EGU2020-11036, updated on 12 Jun 2020
EGU General Assembly 2020
© Author(s) 2020. This work is distributed under
the Creative Commons Attribution 4.0 License.

Soil Organic Matter stability along altitudinal gradients in the French Alps

Jérôme Poulenard1, Norine Khedim1,2, Lauric Cecillon3,4, Amélie Sailard2, Pierre Barré4, Laure Soucémarianadin4, François Baudin5, Philippe Choler2, and Wilfried Thuiller2
Jérôme Poulenard et al.
  • 1Université Grenoble Alpes, Université Savoie Mont Blanc, CNRS, EDYTEM, 73000, Chambéry, France
  • 2Université Grenoble Alpes, Université Savoie Mont Blanc, CNRS, LECA, 38000, Grenoble, France
  • 3Normandie Univ, UNIROUEN, INRAE, ECODIV, 76000 Rouen, France
  • 4Laboratoire de Géologie, PSL Research University, CNRS-ENS UMR 8538, Ecole Normale Supérieure, Paris, France
  • 5Sorbonne Université/CNRS, UMR ISTeP, Paris, France

High-elevation ecosystems are considered as systems that have accumulated large amounts of organic carbon in their soils over the past millennia. However, there are still large uncertainties about soil organic matter (SOM) stocks and stability in mountain areas . The fate of SOM in alpine environments is particularly questioned in the context of climate change.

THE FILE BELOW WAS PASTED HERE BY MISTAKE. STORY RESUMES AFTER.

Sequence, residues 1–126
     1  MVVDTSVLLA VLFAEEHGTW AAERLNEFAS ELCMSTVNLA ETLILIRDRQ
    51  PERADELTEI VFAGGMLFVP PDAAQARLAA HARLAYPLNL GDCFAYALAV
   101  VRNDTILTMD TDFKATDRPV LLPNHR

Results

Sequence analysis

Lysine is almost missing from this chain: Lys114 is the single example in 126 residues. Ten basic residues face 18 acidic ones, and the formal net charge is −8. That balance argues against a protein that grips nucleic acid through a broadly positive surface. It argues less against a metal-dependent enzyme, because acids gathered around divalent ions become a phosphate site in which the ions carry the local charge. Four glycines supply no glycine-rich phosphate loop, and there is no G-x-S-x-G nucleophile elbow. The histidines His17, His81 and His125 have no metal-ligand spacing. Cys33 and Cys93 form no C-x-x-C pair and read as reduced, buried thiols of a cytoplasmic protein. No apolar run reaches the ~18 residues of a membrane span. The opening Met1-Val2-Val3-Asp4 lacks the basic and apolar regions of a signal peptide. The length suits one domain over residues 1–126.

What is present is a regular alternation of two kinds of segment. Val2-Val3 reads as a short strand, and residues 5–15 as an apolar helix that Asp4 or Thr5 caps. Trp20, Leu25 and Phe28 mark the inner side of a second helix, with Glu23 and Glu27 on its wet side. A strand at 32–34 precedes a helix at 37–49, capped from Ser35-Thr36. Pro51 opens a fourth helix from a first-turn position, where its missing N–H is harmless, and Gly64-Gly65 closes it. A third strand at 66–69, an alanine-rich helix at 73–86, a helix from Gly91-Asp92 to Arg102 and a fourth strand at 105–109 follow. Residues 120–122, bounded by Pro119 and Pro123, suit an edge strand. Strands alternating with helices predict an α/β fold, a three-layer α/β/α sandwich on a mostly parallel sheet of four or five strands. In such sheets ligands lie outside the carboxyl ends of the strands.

The aim of this study was to investigate SOM stocks and biogeochemical characteristics of SOM along altitudinal gradients to decipher their climatic and biogeochemical drivers. To do so, we used the soil samples set of the French ORCHAMP long-term observatory network. ORCHAMP is built around multiple altitudinal gradients (ca. 1000m of elevation gain representative of the pedoclimatic variability of the French Alps. Each gradient is made of 5 to 8 permanent plots distributed regularly each 200 m of elevation, from the valley (1000 m a.s.l.) to the mountain top (until 3000 m a.s.l.). We studied 18 elevational gradients, including 105 soil profiles and 350 soil horizons. The biogeochemical stability of SOM was estimated with Rock-Eval® thermal analysis.

SOM stocks are extremely variable and do not increase with elevation . The size of the thermally labile SOM  pool strongly increases with elevation. The high lability of SOM revealed by Rock-Eval® thermal analysis suggests a generally high vulnerability of SOM to climate change in alpine environments. The mechanisms explaining the maintenance of this SOM pool in alpine environments are still under study. Hypotheses involving complex balances between climate, nature of fresh organic matter, and enzymatic activities will be discussed.


How to cite: Poulenard, J., Khedim, N., Cecillon, L., Sailard, A., Barré, P., Soucémarianadin, L., Baudin, F., Choler, P., and Thuiller, W.: Soil Organic Matter stability along altitudinal gradients in the French Alps, EGU General Assembly 2020, Online, 4–8 May 2020, EGU2020-11036,, 2020